Interview with María José Rubial Fernandez
Coordinator of the EFG Panel of Experts on Soil Protection
EFG’s Panels of Experts (PE) have been set up to provide high quality advice and information to the European institutions, to international NGO’s and to other global professional associations. EFG has currently 10 Panels of Experts active in the fields of CCS, Education, Geological Heritage, Geotechnics, Geothermal Energy, Hydrogeology, Natural Hazards, Minerals, Oil & Gas and Soil Protection. The Panels involve more than 200 voluntary experts from over 20 different countries and all aim at emphasising the importance of geology to society, the benefits of incorporating geological advice and to promote the importance of the geoscientific profession.
To raise awareness about the existence of these Panels of Experts, EFG is presenting its coordinators in a new interview series. In March 2018, we have talked to María José Rubial Fernández, the coordinator of the Panel on Soil Protection.
María José Rubial Fernández
Coordinator of the EFG Panel of Experts on Soil Protection since 2015
“My areas of expertise include Natural Capital and Ecosystem Services Assessment, Environmental Liability (ELD) & Environmental Risk Assessment & Management (QERA, ERA, RA), Soil Protection | Site investigation and environmental assessment of contaminated lands and Groundwater resources.
With 15 years of national and international experience, I have participated in numerous environmental projects that relate to a wide array of applications. I would like to emphasize those in which, along with large leading companies in various industrial sectors (Oil & Gas, Metal Mining, Steel, Cement and Aggregates), I had the opportunity to understand the origin of their Environmental Risks and their potential consequences for the receiving Environment and their brand Reputation. My job is to help these companies in identifying, characterizing, and managing their environmental risks, developing ad hoc specific methodologies, within the European Framework for Environmental Liability.”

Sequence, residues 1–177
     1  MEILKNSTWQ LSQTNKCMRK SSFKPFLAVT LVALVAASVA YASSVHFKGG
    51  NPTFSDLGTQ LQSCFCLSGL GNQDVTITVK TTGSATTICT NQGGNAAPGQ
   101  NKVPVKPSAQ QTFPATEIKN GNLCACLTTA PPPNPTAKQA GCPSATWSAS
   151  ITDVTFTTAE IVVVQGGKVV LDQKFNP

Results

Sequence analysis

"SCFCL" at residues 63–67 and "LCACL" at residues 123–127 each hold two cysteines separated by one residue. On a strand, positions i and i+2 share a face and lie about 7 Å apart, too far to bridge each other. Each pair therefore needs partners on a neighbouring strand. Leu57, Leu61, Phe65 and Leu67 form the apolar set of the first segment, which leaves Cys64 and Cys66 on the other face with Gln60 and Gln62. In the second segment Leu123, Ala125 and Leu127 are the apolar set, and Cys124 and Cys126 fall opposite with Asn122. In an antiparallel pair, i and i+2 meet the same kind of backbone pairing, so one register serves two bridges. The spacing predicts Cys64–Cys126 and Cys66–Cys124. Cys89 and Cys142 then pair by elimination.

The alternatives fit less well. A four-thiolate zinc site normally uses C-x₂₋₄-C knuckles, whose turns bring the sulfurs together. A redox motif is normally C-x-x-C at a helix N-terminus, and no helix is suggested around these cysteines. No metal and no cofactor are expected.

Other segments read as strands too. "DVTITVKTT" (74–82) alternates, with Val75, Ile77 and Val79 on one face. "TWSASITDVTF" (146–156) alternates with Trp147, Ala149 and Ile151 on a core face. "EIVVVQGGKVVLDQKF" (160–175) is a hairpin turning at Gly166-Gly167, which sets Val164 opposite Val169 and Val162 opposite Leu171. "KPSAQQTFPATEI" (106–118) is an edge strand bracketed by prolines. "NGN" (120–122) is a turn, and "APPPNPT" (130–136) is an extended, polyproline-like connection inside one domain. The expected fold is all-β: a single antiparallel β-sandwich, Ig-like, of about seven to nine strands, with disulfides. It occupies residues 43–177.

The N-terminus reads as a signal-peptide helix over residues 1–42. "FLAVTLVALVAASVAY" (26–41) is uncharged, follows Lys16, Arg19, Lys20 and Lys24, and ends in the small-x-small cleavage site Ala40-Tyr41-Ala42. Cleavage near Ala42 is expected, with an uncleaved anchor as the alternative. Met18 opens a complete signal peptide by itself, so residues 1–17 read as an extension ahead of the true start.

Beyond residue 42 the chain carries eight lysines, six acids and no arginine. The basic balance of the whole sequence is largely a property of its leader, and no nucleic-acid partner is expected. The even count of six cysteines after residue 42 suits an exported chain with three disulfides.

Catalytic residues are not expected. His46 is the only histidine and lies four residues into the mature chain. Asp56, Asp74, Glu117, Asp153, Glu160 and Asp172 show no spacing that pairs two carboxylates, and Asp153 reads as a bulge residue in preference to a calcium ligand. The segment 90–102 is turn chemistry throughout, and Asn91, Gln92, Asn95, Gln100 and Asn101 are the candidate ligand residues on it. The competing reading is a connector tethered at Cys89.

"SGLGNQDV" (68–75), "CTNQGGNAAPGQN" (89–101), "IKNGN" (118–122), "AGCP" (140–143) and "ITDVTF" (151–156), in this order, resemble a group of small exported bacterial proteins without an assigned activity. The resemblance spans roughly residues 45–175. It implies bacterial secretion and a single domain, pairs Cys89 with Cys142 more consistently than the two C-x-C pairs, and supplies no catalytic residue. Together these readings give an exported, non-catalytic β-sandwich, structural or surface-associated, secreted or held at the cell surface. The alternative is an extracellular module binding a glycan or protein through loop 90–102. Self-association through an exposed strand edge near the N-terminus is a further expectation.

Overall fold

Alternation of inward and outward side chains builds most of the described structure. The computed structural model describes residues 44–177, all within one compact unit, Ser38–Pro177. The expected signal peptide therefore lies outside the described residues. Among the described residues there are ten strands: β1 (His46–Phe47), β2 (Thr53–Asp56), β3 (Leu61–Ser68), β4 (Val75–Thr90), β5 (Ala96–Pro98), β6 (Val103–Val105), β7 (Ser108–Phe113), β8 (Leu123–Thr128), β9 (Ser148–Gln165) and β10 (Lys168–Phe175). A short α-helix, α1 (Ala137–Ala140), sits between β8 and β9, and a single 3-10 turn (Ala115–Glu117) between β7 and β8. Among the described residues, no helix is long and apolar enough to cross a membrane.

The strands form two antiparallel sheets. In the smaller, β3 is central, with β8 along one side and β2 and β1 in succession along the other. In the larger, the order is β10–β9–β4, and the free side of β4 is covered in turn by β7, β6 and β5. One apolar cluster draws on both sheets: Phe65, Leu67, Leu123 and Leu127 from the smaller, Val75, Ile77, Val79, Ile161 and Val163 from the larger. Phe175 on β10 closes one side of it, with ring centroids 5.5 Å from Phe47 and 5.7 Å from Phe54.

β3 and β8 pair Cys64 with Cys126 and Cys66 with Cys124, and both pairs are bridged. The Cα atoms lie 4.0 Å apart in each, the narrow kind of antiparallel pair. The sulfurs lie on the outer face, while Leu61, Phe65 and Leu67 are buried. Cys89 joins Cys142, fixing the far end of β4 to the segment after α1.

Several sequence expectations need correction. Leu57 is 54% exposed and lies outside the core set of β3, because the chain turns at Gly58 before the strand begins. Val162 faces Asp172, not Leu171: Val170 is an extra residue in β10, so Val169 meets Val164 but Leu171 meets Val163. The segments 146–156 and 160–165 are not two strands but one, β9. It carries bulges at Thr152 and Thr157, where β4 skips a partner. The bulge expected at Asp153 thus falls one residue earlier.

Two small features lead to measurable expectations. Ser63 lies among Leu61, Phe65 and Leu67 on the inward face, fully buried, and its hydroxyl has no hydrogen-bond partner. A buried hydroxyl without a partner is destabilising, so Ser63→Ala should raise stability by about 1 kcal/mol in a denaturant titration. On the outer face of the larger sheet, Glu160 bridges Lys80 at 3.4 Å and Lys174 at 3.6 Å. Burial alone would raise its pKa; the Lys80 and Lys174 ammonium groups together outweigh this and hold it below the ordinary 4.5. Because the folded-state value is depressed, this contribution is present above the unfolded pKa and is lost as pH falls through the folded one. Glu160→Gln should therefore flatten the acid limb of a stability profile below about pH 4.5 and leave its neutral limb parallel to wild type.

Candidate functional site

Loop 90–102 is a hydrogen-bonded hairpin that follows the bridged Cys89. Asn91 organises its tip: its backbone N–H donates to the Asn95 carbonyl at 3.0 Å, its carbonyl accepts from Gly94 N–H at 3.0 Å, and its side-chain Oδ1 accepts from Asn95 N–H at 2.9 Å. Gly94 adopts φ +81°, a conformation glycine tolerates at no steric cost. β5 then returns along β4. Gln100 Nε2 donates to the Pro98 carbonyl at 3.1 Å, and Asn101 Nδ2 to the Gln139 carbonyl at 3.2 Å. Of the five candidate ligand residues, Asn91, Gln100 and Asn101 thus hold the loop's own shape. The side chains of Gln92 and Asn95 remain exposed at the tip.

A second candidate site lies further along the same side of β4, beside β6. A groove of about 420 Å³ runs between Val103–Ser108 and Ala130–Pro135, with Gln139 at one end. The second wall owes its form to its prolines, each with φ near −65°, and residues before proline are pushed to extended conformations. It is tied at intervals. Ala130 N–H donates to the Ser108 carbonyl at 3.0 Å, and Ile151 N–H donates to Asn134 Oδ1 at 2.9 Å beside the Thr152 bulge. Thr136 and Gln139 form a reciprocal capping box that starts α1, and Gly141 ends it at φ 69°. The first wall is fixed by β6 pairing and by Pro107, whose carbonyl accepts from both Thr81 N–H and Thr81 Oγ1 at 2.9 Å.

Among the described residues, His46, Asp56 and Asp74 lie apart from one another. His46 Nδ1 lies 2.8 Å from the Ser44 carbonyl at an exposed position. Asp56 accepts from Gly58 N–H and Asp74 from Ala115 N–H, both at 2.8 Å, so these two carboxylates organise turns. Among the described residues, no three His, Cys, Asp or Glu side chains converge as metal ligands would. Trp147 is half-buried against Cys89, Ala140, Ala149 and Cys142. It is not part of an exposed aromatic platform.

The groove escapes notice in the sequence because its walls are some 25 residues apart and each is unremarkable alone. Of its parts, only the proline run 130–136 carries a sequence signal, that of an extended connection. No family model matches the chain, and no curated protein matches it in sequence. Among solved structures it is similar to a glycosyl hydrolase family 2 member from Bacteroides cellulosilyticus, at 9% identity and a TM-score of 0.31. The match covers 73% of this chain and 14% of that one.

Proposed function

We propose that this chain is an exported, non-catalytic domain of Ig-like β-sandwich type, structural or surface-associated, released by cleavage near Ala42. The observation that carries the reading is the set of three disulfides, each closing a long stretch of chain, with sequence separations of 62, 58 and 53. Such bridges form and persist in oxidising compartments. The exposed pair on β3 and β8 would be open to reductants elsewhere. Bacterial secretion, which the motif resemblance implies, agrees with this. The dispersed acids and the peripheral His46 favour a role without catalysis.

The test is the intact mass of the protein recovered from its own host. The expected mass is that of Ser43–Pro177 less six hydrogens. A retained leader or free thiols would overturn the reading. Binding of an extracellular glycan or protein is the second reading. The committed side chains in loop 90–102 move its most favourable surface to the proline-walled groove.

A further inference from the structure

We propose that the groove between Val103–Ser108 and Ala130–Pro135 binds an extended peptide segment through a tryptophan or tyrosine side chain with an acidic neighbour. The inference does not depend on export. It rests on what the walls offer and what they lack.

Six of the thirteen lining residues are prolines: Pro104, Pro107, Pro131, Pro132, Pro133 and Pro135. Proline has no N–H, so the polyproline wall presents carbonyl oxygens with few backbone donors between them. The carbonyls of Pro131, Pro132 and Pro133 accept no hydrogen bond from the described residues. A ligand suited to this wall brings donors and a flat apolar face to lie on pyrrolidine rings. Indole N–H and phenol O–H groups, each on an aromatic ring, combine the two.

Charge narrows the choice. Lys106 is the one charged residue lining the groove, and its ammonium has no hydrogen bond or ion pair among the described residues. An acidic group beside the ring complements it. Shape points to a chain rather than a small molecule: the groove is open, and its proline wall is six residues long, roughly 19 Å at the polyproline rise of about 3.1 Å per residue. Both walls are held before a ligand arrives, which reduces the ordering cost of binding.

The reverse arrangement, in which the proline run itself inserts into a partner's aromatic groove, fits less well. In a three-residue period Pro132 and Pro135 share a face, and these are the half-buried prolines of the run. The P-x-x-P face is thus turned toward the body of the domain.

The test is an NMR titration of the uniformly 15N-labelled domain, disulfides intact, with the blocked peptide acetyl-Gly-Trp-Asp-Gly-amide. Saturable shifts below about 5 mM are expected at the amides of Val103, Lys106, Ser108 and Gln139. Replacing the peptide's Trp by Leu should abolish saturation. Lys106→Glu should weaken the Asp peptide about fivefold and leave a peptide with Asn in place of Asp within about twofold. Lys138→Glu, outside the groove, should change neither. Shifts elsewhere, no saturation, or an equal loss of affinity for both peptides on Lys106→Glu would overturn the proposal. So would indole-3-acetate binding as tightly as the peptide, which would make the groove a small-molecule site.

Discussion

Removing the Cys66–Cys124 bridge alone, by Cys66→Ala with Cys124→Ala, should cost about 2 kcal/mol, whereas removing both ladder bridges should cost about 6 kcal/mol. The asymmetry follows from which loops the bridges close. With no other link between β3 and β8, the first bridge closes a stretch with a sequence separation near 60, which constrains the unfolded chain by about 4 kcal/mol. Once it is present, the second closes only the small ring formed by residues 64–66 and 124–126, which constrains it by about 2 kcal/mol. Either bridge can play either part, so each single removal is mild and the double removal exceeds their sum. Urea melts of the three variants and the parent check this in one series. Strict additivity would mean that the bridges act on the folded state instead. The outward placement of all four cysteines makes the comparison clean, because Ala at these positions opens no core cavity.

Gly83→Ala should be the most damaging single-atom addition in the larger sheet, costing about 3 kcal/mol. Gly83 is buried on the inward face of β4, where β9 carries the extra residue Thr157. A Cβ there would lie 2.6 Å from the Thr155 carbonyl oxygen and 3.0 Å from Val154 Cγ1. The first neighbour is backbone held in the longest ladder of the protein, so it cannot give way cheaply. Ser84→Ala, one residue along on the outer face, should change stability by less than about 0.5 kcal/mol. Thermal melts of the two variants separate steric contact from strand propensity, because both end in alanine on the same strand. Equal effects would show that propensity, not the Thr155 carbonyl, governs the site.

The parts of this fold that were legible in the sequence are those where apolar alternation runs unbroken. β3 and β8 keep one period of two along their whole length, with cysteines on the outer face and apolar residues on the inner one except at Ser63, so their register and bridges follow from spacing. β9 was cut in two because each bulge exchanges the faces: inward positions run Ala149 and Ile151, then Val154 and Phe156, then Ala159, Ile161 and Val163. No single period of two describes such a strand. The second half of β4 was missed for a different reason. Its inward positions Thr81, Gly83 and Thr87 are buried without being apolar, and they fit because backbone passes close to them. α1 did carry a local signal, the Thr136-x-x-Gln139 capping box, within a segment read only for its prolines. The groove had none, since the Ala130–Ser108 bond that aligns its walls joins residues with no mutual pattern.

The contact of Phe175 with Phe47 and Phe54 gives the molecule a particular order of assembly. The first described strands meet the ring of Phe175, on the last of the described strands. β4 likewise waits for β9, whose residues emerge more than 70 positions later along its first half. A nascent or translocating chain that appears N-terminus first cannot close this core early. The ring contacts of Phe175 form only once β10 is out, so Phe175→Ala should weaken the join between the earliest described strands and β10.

About your field of expertise:
Which factors are particularly challenging for the protection of Europe’s soils and is the current EU legislation addressing these challenges in an appropriate way?
“Nearly all the food, fuel and fibres used by humans are produced on soil. Soil is also essential for water and ecosystem health. It is second only to the oceans as a global carbon sink, with an important role in the potential slowing of climate change. Soil functions depend on a multitude of soil organisms, which makes soil an important part of our biodiversity (JRC, 2012)”.
So … one can conclude that the soil is not only a basic natural resource, but a basic natural pillar and a provider of essential services on which social well-being depends on (e.g., the supply of materials and energy and the regulation of natural processes such as erosion and climate change).